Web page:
I made a presentation recently to a community GOP club, a group of kind people who were smart, engaged, and curious. Much like many of the other groups I speak to and with.

Most recently, I spoke about the N.C. Alcoholic Beverage Control Commission and how it keeps a stranglehold on the production, sale, distribution, and enforcement aspects of all spirits coming in and out of North Carolina.

It’s not so easy to explain, as the laws, rules, and codes date to Prohibition. It’s much like peeling the layers of a rotting onion.

Generally speaking, I’m always struck by how little people really know about the history and machinations of the N.C. ABC system. But how would they?  And it’s just the way things are, right?

I grew up in Pennsylvania, where, outside visiting a bar, the only place to buy beer was from a distributor. By the case. No six-packs, no singles. Things have changed some, but the Keystone State, when it comes to all sorts of alcohol, isn’t a place one might call consumer-friendly.

It was just the way things were. Or, in many respects, are.

If they choose to buy spirits, people who move to North Carolina from the North or Midwest soon become familiar with the state’s ABC system. They get used to it and may even become friendly with the clerks and managers.

But none of this absolves the system from a blind commitment to its Prohibition-era, heavy-handed rules. There are better, more market- and consumer-friendly ways to sell liquor, which dozens of other states have shown through privatization and even centralized governance, as opposed to 168 independent boards.

Someone recently asked me why North Carolina keeps an interminable death-grip on an archaic system that’s more about control than commerce, more about dumping money into state and local coffers than into the hands of entrepreneurs and innovators.

It’s difficult to provide a clear answer, but a couple of factors are at play here.

Primarily, it’s about control. The N.C. ABC system has been in place since 1938 — some five years after federal repeal of Prohibition — and only incremental changes have since been made. That state’s local control boards and the nonsensical system in which they operate are inherently political and absolutely entrenched. These boards, which respectively operate the state’s ABC stores, transfer millions of dollars each year to county and municipal governments throughout the state.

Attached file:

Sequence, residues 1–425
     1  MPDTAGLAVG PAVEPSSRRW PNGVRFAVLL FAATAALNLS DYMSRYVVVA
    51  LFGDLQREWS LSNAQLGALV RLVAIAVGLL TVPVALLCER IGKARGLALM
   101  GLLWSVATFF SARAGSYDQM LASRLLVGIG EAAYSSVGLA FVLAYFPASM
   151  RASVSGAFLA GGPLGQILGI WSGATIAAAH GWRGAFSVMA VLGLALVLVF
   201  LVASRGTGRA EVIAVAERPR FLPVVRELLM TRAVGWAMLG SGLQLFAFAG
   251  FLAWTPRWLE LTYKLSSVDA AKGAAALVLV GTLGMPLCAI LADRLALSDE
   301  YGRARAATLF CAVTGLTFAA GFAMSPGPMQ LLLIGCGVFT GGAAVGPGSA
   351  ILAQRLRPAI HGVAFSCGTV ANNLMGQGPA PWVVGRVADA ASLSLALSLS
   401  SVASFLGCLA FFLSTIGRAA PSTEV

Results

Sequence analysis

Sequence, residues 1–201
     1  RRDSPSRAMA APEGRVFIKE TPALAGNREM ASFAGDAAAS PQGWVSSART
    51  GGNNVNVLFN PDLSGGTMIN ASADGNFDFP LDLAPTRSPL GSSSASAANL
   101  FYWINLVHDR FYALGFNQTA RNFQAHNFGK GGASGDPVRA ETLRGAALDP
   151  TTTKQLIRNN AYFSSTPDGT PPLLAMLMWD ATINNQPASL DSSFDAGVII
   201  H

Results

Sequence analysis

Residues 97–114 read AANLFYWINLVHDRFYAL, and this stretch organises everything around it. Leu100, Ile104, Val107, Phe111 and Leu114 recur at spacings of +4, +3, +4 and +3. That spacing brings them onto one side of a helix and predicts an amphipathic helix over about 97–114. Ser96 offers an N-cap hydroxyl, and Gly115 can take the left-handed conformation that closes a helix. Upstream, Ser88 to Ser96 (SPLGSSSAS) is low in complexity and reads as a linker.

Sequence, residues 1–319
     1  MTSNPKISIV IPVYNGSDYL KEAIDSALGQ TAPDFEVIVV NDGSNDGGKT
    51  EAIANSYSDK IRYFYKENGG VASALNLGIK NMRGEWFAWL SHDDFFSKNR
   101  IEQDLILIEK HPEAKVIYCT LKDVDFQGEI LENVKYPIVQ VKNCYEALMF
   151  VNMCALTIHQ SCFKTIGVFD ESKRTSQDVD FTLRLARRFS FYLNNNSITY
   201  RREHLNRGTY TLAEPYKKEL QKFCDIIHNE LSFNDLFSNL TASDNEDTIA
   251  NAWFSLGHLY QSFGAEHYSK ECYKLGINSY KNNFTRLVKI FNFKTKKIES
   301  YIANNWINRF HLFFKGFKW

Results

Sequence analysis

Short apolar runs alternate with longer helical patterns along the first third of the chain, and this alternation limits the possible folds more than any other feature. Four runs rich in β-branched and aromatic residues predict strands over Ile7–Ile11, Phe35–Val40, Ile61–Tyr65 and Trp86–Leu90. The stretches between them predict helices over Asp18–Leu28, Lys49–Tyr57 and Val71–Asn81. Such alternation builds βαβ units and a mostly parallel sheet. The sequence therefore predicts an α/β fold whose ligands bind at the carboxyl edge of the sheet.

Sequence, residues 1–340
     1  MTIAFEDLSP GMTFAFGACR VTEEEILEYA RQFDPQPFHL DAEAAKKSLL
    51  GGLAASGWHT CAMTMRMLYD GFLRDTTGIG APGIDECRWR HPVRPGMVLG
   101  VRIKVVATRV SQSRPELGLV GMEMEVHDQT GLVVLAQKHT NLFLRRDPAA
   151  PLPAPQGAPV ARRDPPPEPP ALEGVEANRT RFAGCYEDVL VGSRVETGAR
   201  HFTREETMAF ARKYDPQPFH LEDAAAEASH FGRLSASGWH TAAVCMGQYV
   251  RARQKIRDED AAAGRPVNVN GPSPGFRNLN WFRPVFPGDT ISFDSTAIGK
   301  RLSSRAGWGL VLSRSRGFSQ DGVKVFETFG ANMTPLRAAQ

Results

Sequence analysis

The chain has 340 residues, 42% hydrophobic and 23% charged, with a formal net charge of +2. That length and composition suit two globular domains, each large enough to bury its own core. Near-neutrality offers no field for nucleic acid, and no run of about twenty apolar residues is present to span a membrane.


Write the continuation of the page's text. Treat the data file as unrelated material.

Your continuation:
Overall, the N.C. ABC boasts in its annual report, fiscal 2018 marked the third consecutive record-setting year for “ten-digit sales.” The billion dollars in revenue, the report says, resulted in a all-time high transfer of money to the General Assembly, which funded state departments and agencies, as well as UNC System universities such as UNC-Pembroke and Western Carolina University.

Does anyone else see a disconnect here?

The state, as evidenced by the ABC system, believes it’s a better steward of people’s money than private businesses and local entrepreneurs, who, should the state go private, would replace that “lost” revenue through property taxes, jobs, and ancillary investments.

The biggest obstacle I see in reforming this antiquated system is — and this may sound harsh — the absence of an informed public, who, generally speaking, have just a superficial knowledge of how the system works and exactly who profits from it.

People just don’t know that each boards operates as an independent fiefdom, that distillers winning their approval sometimes have to circumvent and quell old feuds and prejudices. That getting into ABC means local products are relegated to “N.C. Products” shelves, oftentimes near the back of stores. That ABC rules make it increasingly more difficult for small distillers to prosper and grow.

That all spirits are sent to Raleigh and shipped from there, regardless of whether there’s an ABC store just blocks from the producers. That distillers can sell just five bottles per customer, per year, that they can’t make visitors mixed drinks, and that customers at ABC stores can’t possibly sample a product for which, considering taxes, the state has priced at $40 or more. Distillers can’t ship products directly to buyers. The list goes on; brewers and vintners, though on a separate legislative plane, are hampered by the ABC, too.

Many N.C. distillers are proponents of the state ABC, and each has her or his own reasons. Thing is, though, they have a better understanding of system intricacies than do most customers, and they make concessions and take advantage based on that knowledge. Many ABC store workers and managers are great people, who know their inventory and make extraordinary efforts to satisfy customers. But that doesn’t apply to all, and these ABC workers have no real incentive to do better. Why would they? It’s not their business.

North Carolina is one of 17 remaining alcohol control states in the country, and it’s also one of the most restrictive.

Consumer choice is, at best, limited, and some products just aren’t available in North Carolina, regardless of how much someone is willing to pay for them. I’ve seen some alleged whiskey aficionados respond to that with a shrug, then say they know a store in South Carolina, or that a store manager in Virginia, also a control state, can order a single bottle should they just ask for one.

The N.C. ABC system has serious issues requiring immediate and aggressive legislative action. Trying to explain why lawmakers won’t move to make sensible reforms is, well, getting kinda old.